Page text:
The SQL Server optimizer has two main ways to push an aggregate down past a union all.
1. Global Pushdown
The first rule is
GbAggBelowUniAll. It's a fairly straightforward transform that moves the aggregation onto each of the union inputs.
It can only do this safely if the union is disjoint—that is, if there's something that makes each input completely independent, and that factor appears in the
GROUP BY clause.
It doesn't have to be a literal value like in your case, but it does have to be something the optimizer can recognize as completely separating the sets, like non-overlapping ranges. As part of the transformation, the constant part of the grouping clause is removed.
This rule is engaged with your rewrite because the Metric attribute is disjoint and present in the grouping specification.
An example using the Adventure Works sample database:
-- Helpful indexes
CREATE INDEX i ON Production.TransactionHistory
CREATE INDEX i ON Production.TransactionHistoryArchive
-- The predicates on quantity make the two union inputs disjoint
FROM Production.TransactionHistory AS TH
TH.Quantity BETWEEN 50 AND 60
FROM Production.TransactionHistoryArchive AS THA
THA.Quantity BETWEEN 10 AND 20
) AS U
-- Grouping by the disjoint element
--OPTION (FORCE ORDER)
FORCE ORDER hint uncommented, the optimizer is prevented from moving the aggregate around:
Without the hint, the top-level aggregate can be moved and copied to each union input:
2. Local Aggregation
The second transformation involves a couple of different rules.
GenLGAgg splits an aggregate into two parts, a global aggregate and a local aggregate. For example, a
COUNT aggregate would be split into a local
COUNT aggregate and a global
SUM aggregate that adds all the local contributions together to arrive at the correct result.
The general idea is used in both serial and parallel plans. Sometimes, the local aggregate computes a subtotal local to its own thread, sometimes it performs a subset of the work below a join. In any case, the general idea is the same: do some part of the overall aggregation task as early as possible.
Like many optimizer explorations,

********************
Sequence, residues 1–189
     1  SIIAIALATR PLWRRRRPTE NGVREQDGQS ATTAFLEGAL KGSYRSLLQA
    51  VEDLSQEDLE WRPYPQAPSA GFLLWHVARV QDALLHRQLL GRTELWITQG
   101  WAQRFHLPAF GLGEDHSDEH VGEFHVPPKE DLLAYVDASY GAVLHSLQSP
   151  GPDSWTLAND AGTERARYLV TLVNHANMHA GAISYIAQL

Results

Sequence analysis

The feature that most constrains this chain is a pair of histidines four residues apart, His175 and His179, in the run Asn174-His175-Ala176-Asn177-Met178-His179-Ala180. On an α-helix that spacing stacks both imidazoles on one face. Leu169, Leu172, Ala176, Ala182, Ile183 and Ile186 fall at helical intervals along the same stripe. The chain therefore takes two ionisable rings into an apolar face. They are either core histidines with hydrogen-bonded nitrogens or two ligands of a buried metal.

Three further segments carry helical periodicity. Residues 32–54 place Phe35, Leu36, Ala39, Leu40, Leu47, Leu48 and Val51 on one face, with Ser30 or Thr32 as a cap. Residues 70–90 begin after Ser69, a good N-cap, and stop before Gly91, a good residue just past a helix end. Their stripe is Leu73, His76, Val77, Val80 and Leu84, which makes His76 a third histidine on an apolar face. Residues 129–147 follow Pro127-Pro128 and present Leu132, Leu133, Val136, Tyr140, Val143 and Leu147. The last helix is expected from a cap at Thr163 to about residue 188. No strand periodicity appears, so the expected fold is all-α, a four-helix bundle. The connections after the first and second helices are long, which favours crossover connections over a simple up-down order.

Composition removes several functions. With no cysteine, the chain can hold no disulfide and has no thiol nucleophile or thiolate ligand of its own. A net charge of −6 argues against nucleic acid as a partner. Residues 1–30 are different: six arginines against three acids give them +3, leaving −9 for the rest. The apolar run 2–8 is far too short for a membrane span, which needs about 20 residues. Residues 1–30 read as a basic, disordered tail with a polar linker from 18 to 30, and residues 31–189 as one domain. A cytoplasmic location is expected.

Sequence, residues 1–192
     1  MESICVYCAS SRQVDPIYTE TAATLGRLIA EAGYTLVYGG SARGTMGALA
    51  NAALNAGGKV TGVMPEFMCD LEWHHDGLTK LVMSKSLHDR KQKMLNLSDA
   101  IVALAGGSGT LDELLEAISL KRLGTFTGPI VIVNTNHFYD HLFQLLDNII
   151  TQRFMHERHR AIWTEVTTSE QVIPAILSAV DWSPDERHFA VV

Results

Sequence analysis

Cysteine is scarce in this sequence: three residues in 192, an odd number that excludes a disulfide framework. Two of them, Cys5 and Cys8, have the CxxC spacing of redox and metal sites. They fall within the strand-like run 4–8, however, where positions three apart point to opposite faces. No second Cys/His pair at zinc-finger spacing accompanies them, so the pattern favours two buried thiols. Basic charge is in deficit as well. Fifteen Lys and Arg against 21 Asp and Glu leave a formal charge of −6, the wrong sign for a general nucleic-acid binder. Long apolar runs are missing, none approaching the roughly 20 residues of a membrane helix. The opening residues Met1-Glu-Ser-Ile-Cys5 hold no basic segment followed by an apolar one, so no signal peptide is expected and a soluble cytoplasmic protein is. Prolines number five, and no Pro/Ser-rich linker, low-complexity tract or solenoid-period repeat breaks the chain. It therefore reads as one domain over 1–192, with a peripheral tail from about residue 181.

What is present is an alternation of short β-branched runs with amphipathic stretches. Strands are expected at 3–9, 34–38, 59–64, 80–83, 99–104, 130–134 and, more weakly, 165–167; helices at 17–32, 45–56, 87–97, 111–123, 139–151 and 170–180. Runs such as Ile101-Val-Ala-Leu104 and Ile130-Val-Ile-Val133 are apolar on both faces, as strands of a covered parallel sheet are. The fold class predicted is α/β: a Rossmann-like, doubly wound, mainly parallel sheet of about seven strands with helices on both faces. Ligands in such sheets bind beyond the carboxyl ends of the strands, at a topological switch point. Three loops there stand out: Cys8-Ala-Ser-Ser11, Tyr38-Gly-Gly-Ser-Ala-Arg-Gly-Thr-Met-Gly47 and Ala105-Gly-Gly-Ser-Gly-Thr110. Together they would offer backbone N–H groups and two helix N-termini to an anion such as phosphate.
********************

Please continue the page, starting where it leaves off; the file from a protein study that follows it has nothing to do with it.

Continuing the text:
GenLGAgg produces one or more alternatives that can be further explored by other rules. For example, the new local aggregates may be past joins or matched to an indexed view.
In your case, a rule named
LocalAggBelowUniAll is employed to move the local aggregate below the
UNION ALL. This is what was happening with the original query.
Importantly, the local aggregate is not quite a normal aggregate. It is performing only part of the calculation and may end up on one of many threads in a parallel plan. A global aggregate always runs on a single thread to ensure correct results.
In a parallel plan, a local aggregate may be physically implemented as a Hash Match Partial Aggregate. This operator only gets a small, fixed memory grant and never spills to tempdb. If it runs out of memory, it simply stops aggregating. Results will still be correct thanks to the global aggregate.
The caveats are not limited to this physical operator or parallel plans. In general, you should think of a local aggregate as being a bit different from the normal kind you write in SQL.
This is mostly a consequence of implementation details and the need to preserve the connection between the local and global aggregates. Like many exploration rules,
LocalAggBelowUniAll represents a query rewrite you could perform yourself, but you should not expect it to behave exactly the same in all respects as the closest T-SQL representation. It should also be said that the optimizer has the advantage of being able to dynamically decide which rewrite to use based on current statistics and metadata. This is not generally true for a manual rewrite.
Anyway, one of the consequences of a local aggregate being a bit different is that it does not come with a uniqueness guarantee associated with its grouping keys. This is important in many instances but particularly so with your desired Merge Concatenation operator.
As the plan operator's name suggests, Merge Concatenation is just a normal Merge Join operator running in a special mode. It requires input sorted on the 'join keys' though exactly which sort order is needed can be affected by the projection column list, global ordering requirement, and any uniqueness guarantees available (see reference below).
A normal aggregate that provides grouping key uniqueness guarantees can allow the Merge Concatenation to require less onerous sorting than is possible with input from a local aggregate.
For your original query, the optimizer did consider the Merge Concatenation alternative, but the local aggregate meant that sorts were required to satisfy the required input properties:
The extra Sorts and higher Merge Concatenation cost meant the optimizer chose the cheaper plan option with a Concatenation and a single Sort. As always, these choices are driven from the cost model.
With empty tables, the optimizer costs the Merge Concatenation option cheapest because it merges only one row from each input. The higher per-row cost of a Merge Concatenation does not offset the cost of the extra Sort needed in the Concatenation plan.
Your query should reject nulls, or the base tables should have an explicit
NOT NULL on the Value attribute. This will simplify the final plan (and make any future indexed view matching easier). In particular, the Stream Aggregates will no longer have to compute a
COUNT_BIG(Total) aggregate and the Compute Scalars will no longer be needed.
You should also use schema prefixes and avoid keywords as attribute names.
TotalSales = SUM(T.Sales),
Sales = ISNULL(SUM(VM.[Value]), 0.0),
FROM dbo.ViewMetrics AS VM
VM.[Value] IS NOT NULL
) AS T
Both written by me.